Efficiency. That’s the key to any business enterprise, said Dr. Ellen Brune, a 2009 Honors College graduate and chief scientific officer for Boston Mountain Biotech. Ellen started the company to promote a technology she helped invent that simplifies the production of proteins used in drugs that treat cancer, diabetes, macular degeneration, arthritis and other diseases. The new technology improves the purification process of E. coli, a bacteria frequently used to produce therapeutic proteins.
Like all microorganisms used to make protein products, E. coli creates a large amount of waste, Ellen said. That waste must be removed before the protein can be used. Prior to her company’s innovation, the industry focus was on making more selective filters to eradicate the waste after protein production. She and her colleagues looked upstream instead. The Lotus® cell line they’ve developed consists of E. coli cells genetically modified to create less waste.
“At the end of the day, we’re engineers,” said Ellen, who earned a Ph.D. in chemical engineering from the university in 2013. Each E. coli cell functions like a little factory, she explained. Why look downstream for solutions when it is possible to modify the cellular DNA? “Our focus was ‘How do we make that cellular factory more efficient?’”
Ellen began working with engineering professor Bob Beitle on research that led to the development of the new technology as an undergraduate,
she said. Several scientists from two universities worked together on the project.
Ellen’s contribution, as a graduate student, was organizing the massive amount of
data generated in the experimental process. “How do you find what you’re looking for?”
she asked. The bioinformatics system she developed provided the blueprints for the
Lotus cell line.
Today, Ellen functions as the company’s business liaison, overseeing day-to-day operations, patent application, marketing and sales. Boston Mountain Biotech has eight patents pending and a grant proposal before the National Science Foundation. The company has developed a working prototype and is looking for a midsize manufacturer to test it.
“It’s exciting,” Ellen said about the company’s growth and her own expanding role at its helm. “Every day I learn something I didn’t know before and something I never thought about before.”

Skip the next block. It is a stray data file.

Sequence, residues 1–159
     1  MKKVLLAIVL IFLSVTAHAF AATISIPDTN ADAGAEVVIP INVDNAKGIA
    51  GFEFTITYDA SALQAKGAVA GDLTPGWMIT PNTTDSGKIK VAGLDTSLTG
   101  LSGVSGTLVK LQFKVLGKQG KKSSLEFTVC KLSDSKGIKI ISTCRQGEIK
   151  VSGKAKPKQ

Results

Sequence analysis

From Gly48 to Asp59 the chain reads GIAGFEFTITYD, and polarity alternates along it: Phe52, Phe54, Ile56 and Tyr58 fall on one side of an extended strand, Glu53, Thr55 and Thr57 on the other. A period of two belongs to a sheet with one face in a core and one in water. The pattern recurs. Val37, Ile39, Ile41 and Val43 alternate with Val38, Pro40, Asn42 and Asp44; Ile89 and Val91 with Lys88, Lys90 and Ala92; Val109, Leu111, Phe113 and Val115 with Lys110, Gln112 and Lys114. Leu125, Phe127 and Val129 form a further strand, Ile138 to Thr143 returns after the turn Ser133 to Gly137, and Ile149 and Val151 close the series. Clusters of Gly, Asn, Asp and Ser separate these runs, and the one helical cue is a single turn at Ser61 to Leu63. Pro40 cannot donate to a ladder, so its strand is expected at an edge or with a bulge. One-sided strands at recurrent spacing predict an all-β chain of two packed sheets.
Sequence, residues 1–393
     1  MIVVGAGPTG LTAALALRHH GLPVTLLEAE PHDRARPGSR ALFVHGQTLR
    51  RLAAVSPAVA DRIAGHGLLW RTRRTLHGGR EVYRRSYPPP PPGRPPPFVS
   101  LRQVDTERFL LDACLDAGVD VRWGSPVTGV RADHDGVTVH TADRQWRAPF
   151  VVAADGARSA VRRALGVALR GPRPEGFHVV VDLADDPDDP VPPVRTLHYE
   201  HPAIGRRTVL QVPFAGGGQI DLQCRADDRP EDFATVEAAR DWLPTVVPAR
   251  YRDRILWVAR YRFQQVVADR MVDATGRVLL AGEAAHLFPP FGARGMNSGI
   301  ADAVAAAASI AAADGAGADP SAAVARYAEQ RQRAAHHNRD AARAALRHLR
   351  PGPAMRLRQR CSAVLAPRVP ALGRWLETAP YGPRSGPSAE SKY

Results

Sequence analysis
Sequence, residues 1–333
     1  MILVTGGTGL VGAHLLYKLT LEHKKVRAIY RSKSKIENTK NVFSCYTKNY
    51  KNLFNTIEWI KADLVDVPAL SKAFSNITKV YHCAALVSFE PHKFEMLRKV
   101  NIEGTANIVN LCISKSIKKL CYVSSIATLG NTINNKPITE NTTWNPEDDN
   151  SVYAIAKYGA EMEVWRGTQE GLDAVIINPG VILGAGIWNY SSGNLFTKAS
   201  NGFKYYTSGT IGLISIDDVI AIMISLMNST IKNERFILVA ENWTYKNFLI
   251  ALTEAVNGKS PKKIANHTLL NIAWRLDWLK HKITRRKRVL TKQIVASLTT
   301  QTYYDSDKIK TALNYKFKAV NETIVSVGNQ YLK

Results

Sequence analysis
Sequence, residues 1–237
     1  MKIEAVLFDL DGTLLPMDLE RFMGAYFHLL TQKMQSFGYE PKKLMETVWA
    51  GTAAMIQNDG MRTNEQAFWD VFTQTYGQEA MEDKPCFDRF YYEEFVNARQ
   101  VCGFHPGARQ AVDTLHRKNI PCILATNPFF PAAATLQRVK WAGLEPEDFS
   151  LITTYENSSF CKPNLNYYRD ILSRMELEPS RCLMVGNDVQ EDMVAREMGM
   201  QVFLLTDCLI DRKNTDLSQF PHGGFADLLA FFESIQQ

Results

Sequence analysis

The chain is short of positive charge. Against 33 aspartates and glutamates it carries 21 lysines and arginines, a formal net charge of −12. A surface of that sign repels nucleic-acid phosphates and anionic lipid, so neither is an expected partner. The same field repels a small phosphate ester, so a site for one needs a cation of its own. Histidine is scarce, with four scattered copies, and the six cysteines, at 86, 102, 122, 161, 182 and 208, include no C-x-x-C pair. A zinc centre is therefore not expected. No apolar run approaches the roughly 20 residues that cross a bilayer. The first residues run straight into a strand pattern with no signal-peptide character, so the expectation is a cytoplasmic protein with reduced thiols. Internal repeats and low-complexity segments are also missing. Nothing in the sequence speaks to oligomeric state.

Ellen’s four years as an Honors College Fellow helped prepare her for the rigors of her current role, she said. “The Honors College encouraged me that if I put my mind to something, I really can learn that material. I really can be successful.” Her senior design class took part in the Environmental Protection Agency P3 Project, a grant competition for undergraduates that helped Ellen understand the importance of communicating scientific research and development to the public, she said.
Opportunities continued during Ellen’s study as a UA Doctoral Academy Fellow. Participation in the entrepreneurship certificate program for non-MBA students led to the creation of Boston Mountain Biotech. The company was awarded a $50,000 NSF-I Corps Program grant that included training in entrepreneurship at Stanford University. Ellen applied skills garnered in both programs to win numerous competitions in business planning and raise another $50,000 for the new company.
Ellen hopes to serve as a mentor for other Arkansas entrepreneurs, she said. She’d like to help keep talented UA graduates close to home, rather than lose them to corporate and scientific centers in other parts of the U.S.
“We need to keep these brilliant minds that we’re training in the state,” she said.